It was 7 a.m., and a room full of women were ready to talk about how to break down barriers and pave the way for the next generation. The problem was that one of the panelists — Lea Rosenauer, president and CEO of Girls Inc. of San Antonio — was delayed because of the heavy fog that had settled in during the early morning hours. And what’s worse, she was traveling with a group of young girls who had been chosen to attend several events at the Fall Forum and meet with some of the top women leaders in health IT.
Fortunately, Rosenauer and the group of girls didn’t let the weather stop them, and proceeded to take the stage for a session that examined how women leaders can gain more visibility and overcome the obstacles that stand in the way. Other panelists included Sarah Richardson, CIO of DaVita Healthcare Partners; Rose Ann Laureto, CIO at Gunderson Health System; and Adrienne Edens, VP of Educational Services with CHIME.
“As an industry, we’re not seeing the progress we want to see with women in leadership,” said Edens, citing lack of visibility as a major factor. “You can’t become what you can’t see.”
The other major factors, according to the panelists, are a lack of confidence and mentorship. According to data presented, women are not likely to apply for a promotion unless they meet 100 percent of the requirements, whereas men are likely to apply when they meet just 60 percent of the criteria.
“There’s a reluctance to seek higher positions,” said Edens, noting that women often need a “gentle nudge” to go after a promotion.
Therefore, the onus is on leaders to put systems into place to provide women with answers to their questions, along with encouragement, noted Laureto. “We need to create an environment that enables women to expand their skills,” whether it’s through continuing education programs or networking opportunities.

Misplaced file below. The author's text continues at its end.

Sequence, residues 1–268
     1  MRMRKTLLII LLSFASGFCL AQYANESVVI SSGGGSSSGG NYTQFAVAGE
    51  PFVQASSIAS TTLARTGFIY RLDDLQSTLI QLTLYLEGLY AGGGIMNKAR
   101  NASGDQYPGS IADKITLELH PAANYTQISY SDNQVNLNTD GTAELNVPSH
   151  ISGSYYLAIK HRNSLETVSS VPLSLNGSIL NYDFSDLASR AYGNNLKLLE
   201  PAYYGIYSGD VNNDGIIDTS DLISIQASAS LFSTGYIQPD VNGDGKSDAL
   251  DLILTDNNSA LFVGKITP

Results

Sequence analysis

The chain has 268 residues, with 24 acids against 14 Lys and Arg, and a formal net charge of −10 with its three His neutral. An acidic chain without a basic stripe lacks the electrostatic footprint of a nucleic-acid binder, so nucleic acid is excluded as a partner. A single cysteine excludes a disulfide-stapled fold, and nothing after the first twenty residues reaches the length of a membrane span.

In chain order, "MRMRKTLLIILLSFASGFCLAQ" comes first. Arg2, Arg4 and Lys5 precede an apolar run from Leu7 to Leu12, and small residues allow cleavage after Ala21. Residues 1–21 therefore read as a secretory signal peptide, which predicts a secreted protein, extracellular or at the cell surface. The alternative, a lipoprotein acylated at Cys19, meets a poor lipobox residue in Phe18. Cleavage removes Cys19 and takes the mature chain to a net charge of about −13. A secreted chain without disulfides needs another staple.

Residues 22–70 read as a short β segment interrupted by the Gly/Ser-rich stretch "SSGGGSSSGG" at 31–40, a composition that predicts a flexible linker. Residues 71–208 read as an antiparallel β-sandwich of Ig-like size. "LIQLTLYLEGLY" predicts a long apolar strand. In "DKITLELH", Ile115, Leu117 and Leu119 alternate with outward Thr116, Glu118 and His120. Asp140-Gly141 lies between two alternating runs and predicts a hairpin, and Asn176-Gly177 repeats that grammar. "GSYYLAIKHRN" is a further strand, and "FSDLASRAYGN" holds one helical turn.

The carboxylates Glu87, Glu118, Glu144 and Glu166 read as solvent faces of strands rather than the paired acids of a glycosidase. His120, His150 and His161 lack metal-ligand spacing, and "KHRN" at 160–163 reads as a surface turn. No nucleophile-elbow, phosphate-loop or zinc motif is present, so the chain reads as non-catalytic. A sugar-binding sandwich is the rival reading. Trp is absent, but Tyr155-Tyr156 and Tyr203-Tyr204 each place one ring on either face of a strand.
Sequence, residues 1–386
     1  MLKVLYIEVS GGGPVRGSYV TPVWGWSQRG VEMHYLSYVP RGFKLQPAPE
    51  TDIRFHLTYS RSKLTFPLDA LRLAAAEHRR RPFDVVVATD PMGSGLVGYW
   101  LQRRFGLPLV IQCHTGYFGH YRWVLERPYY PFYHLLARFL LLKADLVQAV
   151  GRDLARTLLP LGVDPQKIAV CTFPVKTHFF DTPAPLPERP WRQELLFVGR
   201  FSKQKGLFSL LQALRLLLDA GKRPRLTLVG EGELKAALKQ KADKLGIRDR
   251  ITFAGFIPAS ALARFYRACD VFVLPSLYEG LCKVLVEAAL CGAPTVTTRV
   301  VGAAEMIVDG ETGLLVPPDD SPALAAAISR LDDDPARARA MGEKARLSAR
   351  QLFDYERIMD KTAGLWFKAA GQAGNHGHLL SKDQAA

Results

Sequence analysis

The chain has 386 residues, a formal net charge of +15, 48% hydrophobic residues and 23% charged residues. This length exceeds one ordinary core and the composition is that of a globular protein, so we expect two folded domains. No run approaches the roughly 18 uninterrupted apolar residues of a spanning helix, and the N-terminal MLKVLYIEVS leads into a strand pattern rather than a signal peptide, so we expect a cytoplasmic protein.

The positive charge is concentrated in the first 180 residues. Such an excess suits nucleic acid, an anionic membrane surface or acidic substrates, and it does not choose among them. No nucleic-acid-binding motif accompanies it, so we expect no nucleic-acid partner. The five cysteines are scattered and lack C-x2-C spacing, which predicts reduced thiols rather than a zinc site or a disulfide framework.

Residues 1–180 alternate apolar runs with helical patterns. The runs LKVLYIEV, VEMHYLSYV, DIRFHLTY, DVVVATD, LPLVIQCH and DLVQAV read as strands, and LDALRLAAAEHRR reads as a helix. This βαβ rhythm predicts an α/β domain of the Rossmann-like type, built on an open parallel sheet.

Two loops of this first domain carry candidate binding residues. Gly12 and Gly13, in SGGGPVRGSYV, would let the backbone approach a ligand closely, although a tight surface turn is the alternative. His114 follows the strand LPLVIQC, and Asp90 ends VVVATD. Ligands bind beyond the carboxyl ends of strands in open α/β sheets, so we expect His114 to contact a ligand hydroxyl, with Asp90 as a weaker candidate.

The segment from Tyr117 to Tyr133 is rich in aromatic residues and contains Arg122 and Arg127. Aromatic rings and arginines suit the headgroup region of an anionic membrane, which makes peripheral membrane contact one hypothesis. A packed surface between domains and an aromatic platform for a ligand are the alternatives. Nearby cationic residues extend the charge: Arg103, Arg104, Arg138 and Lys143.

And beyond that, there are other steps leaders can take to help remove some of the barriers faced by women.
- Get out and speak. According to Rosenaur, one of the biggest obstacles is keeping girls interested in STEM fields. By speaking to at events and hosting programs like Girls Inc., women leaders are able to show girls what they can achieve and help keep them in the path to technology-focused careers.
- Creating jobs that appeal to millennials. On the same hand, it’s important to emphasize that there are multiple paths that can lead to CIO (or other health IT leadership) roles. “There are many opportunities for people with clinical or informatics backgrounds — it’s not just about technology,” said Joanna Sunquist, CIO at HealthEast Care System, who attended the session. Another area that can present opportunities for young people is digital health, added Laureto.
- Establish mentors or coaches. These types of programs can either be formal or informal in nature; what matters is that young women have “someone they’re accountable to and someone whose opinion they trust,” said Rush Health CIO Julie Bonello, also in attendance.
- Create a supportive environment. According to Richardson, this starts with getting to know your staff and colleagues on a personal level. “The first thing I always say to people is, ‘how are you?’ Not ‘what are you working on,’ but ‘how are you? How are things in your life?’ It helps build trust and let people know you’re invested in them,” she noted. Both Richardson and Bonello stressed the importance of a healthy work-life balance, which leaders can do by encouraging new parents (or those caring for elderly parents) to take time off.
- Be each other’s support system. In an industry as competitive as health IT, “We need to have each other’s backs and be each other’s ambassador and brand manager,” said Richardson.
Finally, Edens urged attendees to “bring your true self to work” and embrace the characteristics that women bring to leadership roles. “I’m tired of being told I need to act like a man to succeed at work,” she said. “We have our own strengths,” which include a strong focus on team-building, collaboration, and organization. “We’re uniquely skilled at identifying goals and making a plan to get them done.” She also believes women are particularly strong when it comes to recognizing that things are going well and pivoting in another direction. “We’re not just trying to rush to get it done today; we’re trying to go an exceptional job. These are qualities I believe women can bring to the table.”